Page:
structure. Afterward, a partial gasification is performed with a mild oxidizing agent (e.g. CO2 , steam, flue gas) at 800–1000 ∘ C. This last step creates the final porosity. 2. Chemical activation (CA method): This type of activation is usually performed in one step. The carbon source is chemically treated with inorganic additives such as acids, bases or salts such as H3 PO4 , KOH, NaOH, CaCl2 , ZnCl2 , and so on (see Figure 6.2). These additives degrade during carbonization at 250–650 ∘ C and help to dehydrate the carbon precursor. Generally, lower temperatures and shorter reaction times are needed in comparison with the physical carbonization treatment described before. The type and amount of additive will affect the resulting pore structure of the carbon significantly. Activated carbon can be produced using either the physical or CA method. However, a combination of both methods can also be used. The resulting chemical and physical characteristics of AC will highly depend on the carbon source used and the activation process needed as it will mainly determine the porosity (surface area, distribution of pores) and the surface functional groups present on the solid. The PA method usually uses higher temperatures than the CA method and therefore the former also results in a lower carbon yield. Also, the porosity is different. The use of PA leads to smaller surface areas, and narrow micropores and mesopores. AC can be classified in diverse ways according to the carbon source, activation method, and behavior but a general classification is generally made based on physical properties: Powdered Activated Carbon (PAC), Granular Activated Carbon (GAC), Extruded Activated Carbon (EAC), and so on. For example, PAC or pulverized AC is an activated carbon in the form of a powder and is produced by milling or pulverizing the AC. PAC contains particles smaller than 80 US Mesh or 0.180 mm according to ASTM D5158 [3]. Activated carbon is probably the most widely used and most important commercial adsorbent due to its low price, ease of synthesis, versatility, and, moreover, many

General Introduction to Mesoporous Carbons

197

(a)

(b)

(c)

(d)

Figure 6.2 Scanning electron microscopy images of activated carbon prepared via the chemical activation method with different additives: (a) ZnCl2 ; (b) KOH; (c) K2 CO3 ; and (d) ZnCl2 . Source: Reproduced with permission of Elsevier [2].

precursors can be used for the production of AC. Currently, it is applied to a whole array of applications due to its porous structure combined with high surface area: gas separation, gas storage, air treatment, and also military use in, for example, gas masks, catalysis, potable and effluent water treatment, decolorizing, solvent recovery, precious metal recovery, and so on. Although activated carbon clearly possesses many advantages, it also holds some drawbacks, especially when high-end or specialty applications are targeted. AC is less suitable if, for example, different type of metals must be separated from each other as it is a general adsorbent. Additionally, due to its inherent pore structure and large amount of micropores, bulky molecules (e.g. dyes, organic matter, enzymes, humic acids, etc.) cannot access the pores, which inevitably leads to lower adsorption capacity. Therefore, researchers have made efforts to develop carbons that possess larger (in the meso range) and ordered pores to allow macromolecules in the pore system. It was the start for research toward mesoporous polymers and carbons.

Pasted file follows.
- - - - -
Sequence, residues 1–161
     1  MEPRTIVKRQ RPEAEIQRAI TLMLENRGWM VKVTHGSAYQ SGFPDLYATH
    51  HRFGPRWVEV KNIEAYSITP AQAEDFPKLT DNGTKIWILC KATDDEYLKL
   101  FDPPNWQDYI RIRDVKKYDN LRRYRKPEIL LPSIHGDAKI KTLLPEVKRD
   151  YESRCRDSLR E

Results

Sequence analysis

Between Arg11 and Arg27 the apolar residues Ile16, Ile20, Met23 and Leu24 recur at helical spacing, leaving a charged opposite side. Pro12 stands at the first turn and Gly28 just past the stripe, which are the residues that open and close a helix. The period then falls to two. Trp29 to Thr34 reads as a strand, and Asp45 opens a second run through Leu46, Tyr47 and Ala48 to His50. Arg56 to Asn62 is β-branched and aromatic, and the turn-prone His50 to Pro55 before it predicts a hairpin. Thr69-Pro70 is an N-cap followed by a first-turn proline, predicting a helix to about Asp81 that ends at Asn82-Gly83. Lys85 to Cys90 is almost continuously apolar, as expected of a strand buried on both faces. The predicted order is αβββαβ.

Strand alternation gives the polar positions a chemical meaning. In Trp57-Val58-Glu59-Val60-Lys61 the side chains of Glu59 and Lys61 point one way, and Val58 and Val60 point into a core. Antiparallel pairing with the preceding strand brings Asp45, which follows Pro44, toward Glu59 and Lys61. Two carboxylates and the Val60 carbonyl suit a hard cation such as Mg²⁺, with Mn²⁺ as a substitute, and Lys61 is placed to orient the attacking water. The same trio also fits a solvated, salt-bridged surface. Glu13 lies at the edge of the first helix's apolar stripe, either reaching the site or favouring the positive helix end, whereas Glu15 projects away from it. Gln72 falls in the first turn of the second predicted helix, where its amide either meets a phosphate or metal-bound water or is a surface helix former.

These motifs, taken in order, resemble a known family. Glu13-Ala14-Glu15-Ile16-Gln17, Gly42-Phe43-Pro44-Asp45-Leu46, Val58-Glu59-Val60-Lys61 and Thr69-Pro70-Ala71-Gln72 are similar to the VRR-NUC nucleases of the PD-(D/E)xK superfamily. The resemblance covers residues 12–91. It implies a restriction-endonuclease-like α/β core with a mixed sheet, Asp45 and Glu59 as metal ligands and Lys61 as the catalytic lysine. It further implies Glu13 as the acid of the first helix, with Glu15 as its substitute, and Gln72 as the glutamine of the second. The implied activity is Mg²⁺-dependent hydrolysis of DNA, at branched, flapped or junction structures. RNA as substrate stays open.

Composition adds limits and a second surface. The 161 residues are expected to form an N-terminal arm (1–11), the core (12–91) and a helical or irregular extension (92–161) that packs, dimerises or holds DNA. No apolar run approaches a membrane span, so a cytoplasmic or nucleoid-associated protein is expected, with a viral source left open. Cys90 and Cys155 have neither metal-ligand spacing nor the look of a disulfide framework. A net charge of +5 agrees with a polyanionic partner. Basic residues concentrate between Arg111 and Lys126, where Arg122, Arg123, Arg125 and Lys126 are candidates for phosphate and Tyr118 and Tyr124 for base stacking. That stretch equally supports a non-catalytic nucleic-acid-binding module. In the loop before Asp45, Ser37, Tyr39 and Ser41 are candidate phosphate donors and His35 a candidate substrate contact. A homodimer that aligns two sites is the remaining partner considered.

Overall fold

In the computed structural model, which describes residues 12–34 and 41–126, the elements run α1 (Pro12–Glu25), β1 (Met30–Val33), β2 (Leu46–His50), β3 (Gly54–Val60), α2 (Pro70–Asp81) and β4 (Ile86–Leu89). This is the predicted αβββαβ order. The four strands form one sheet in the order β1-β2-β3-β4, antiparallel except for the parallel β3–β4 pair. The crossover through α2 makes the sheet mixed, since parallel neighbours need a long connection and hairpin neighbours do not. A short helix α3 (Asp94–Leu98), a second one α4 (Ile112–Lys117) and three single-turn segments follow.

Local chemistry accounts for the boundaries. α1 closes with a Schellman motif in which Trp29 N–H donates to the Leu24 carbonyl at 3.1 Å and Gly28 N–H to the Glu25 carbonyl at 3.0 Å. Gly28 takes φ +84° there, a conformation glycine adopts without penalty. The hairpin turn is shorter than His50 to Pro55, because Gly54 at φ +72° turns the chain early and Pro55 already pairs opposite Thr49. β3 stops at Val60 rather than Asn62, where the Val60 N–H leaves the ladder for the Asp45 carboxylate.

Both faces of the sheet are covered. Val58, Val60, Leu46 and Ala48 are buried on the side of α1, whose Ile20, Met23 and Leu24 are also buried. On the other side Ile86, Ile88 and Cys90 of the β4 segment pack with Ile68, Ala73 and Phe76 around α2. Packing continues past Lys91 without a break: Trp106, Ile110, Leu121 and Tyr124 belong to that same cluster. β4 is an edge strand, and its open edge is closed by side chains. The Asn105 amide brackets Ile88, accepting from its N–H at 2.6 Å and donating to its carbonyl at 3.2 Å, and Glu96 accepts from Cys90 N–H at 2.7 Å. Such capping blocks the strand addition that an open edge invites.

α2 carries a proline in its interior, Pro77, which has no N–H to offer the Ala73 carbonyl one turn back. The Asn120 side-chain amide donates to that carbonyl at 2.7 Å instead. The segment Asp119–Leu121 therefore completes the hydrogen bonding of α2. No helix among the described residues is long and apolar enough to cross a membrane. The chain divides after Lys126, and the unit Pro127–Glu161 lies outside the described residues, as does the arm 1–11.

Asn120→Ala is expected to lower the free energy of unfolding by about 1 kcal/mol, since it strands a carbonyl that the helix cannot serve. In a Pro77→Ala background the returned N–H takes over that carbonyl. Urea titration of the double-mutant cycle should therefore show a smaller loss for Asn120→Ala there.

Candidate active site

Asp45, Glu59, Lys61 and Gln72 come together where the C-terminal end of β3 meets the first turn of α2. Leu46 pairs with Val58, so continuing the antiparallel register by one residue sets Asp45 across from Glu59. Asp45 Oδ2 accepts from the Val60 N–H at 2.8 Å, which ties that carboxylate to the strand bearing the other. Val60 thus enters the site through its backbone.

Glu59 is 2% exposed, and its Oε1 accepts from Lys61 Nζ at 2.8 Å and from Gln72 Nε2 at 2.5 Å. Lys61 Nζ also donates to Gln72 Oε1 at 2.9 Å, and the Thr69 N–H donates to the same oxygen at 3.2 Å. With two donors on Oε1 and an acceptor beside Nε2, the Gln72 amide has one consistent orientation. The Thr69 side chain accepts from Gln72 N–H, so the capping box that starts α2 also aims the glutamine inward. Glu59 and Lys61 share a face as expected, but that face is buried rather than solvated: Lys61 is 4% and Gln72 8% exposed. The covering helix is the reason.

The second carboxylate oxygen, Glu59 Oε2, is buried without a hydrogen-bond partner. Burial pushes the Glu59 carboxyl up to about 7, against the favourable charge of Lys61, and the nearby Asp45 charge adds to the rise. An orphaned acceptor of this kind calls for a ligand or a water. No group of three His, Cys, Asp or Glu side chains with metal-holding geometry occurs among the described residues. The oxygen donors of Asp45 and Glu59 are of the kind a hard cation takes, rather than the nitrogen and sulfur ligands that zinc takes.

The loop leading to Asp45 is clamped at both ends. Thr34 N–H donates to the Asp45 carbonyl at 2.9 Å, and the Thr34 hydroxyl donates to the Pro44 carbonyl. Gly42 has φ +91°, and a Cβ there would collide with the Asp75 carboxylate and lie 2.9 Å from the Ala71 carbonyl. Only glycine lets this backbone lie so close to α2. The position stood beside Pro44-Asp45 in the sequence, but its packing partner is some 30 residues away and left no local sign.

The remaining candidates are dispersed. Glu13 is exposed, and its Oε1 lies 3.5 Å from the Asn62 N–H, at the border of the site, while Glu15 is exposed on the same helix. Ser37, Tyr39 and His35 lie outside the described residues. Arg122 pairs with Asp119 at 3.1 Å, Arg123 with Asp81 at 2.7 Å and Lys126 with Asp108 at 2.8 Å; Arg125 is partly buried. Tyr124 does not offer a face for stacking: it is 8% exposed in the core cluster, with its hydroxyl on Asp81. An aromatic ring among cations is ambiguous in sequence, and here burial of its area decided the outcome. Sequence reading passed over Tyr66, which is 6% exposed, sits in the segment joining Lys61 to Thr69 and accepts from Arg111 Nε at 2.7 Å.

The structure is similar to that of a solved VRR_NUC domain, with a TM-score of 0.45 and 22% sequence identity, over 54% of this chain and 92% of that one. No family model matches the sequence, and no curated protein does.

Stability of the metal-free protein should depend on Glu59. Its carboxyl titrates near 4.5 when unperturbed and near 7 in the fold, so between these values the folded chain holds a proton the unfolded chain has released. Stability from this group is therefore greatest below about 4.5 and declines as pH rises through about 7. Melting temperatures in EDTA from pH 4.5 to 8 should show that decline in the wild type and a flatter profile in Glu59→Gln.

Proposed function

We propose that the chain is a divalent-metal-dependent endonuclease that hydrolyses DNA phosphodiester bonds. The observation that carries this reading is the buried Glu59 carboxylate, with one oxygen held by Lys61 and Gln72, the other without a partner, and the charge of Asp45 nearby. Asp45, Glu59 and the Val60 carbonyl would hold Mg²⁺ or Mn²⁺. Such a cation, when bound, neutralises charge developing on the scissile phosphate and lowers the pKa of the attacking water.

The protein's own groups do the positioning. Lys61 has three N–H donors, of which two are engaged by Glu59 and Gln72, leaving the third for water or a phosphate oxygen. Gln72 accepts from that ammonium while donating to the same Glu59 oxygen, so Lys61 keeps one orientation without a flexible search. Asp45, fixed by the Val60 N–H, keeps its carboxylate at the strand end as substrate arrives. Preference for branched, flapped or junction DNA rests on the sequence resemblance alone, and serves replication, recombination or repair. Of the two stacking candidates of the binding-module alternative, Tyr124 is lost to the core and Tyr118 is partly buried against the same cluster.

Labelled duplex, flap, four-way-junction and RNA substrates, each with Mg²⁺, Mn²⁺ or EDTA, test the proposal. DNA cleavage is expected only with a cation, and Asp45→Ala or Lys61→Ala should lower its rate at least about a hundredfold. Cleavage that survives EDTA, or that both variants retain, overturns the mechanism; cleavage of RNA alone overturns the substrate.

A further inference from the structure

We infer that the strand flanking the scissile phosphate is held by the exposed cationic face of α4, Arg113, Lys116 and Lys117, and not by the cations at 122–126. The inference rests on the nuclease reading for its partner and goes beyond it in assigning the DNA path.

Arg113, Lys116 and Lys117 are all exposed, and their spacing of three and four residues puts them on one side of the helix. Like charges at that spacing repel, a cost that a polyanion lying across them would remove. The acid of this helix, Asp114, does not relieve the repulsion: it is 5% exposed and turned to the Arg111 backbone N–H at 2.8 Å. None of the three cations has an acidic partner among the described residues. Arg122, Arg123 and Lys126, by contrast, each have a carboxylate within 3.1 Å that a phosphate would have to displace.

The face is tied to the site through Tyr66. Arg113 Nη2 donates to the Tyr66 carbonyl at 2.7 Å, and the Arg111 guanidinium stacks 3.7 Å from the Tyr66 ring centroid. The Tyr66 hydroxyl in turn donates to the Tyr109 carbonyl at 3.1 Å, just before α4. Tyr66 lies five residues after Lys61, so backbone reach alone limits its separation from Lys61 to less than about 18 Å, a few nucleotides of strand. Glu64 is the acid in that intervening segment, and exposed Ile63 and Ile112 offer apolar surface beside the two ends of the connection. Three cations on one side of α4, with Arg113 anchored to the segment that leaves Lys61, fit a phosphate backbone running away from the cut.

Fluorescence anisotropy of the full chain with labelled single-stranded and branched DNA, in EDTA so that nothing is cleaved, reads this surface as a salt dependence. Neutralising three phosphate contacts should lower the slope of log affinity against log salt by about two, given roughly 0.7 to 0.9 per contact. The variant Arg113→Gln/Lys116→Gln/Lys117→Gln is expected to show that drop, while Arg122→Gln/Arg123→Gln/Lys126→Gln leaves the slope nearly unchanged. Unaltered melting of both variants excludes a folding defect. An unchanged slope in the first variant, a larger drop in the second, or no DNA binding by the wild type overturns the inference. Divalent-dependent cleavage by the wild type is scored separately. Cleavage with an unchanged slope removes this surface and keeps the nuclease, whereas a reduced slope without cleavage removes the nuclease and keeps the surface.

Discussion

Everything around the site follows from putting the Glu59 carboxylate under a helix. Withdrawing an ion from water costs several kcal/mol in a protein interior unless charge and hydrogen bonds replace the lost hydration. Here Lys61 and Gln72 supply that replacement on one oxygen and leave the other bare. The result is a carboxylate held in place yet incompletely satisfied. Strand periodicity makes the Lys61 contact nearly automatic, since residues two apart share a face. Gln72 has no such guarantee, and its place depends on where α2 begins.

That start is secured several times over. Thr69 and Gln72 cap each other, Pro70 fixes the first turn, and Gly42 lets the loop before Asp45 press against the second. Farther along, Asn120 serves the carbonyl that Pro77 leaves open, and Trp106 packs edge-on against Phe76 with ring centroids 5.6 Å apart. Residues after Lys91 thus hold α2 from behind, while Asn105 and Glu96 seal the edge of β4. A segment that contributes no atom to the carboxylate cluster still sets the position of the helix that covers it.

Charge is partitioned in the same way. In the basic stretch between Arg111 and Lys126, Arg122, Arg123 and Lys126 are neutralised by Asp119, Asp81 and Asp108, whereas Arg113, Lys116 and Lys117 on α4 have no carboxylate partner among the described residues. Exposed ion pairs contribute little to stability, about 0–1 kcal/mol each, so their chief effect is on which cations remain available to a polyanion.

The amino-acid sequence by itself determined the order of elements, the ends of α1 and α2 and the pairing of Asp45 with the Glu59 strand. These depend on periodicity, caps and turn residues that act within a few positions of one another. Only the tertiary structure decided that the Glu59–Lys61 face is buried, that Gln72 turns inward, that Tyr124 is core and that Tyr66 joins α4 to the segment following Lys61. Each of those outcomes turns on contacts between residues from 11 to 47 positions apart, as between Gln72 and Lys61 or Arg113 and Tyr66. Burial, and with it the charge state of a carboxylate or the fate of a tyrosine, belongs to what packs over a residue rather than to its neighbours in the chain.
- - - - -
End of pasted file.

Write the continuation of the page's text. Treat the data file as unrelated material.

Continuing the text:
6.2

General Introduction to Mesoporous Carbons Ordered Mesoporous Carbons (OMCs) are a more advanced class of porous materials in comparison with activated carbon. They combine high porosity, just like mesoporous silicas, with the physico-chemical properties of organic polymers and carbon

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materials. They possess pores in the mesorange (2–50 nm), whereas activated carbons in most cases only exhibit microporosity. Mesoporous carbons generally combine mesoporosity and microporosity, and in some cases also have macropores. They possess unique properties concerning porosity but also hydrophobicity, which makes them especially suitable for environmental applications. OMCs can be prepared via two different synthesis procedures, that is, the hard-templated method (see Section 6.2.1) and the soft-templated method (STM) (see Section 6.2.2). Both methods first prepare an ordered mesoporous polymer (OMP), which is transformed afterward into an OMC. A general overview of the different steps in the hard-templated method or also nanocasting or exocasting strategy and the STM is shown in Figure 6.3.

6.2.1

Synthesis of Hard-Templated Mesoporous Carbons In 1999, Ryoo et al. reported the preparation of mesoporous polymers and carbons using a hard template [5]. It was the first report of an ordered mesoporous material with a carbon-based framework. In this method, mesoporous silica materials are used as template, hence the name “hard-templated method” or indirect method, nano-, or exocasting. Basically, the template is filled with a carbon precursor with the formation of a composite or OMP and afterward the template is removed, resulting in a replica (see Figure 6.4). In more detail, Ryoo and coworkers used in that first report an MCM-48 material as a template, which is a cubic (Ia3d) mesoporous silica. The pores of this solid were impregnated (thus entirely filled) with a carbon source, that is, sucrose, dissolved in an aqueous solution containing sulfuric acid. After impregnation, the silica was heated to a range of 1073–1373 K under vacuum or in an inert atmosphere. Surfactant removal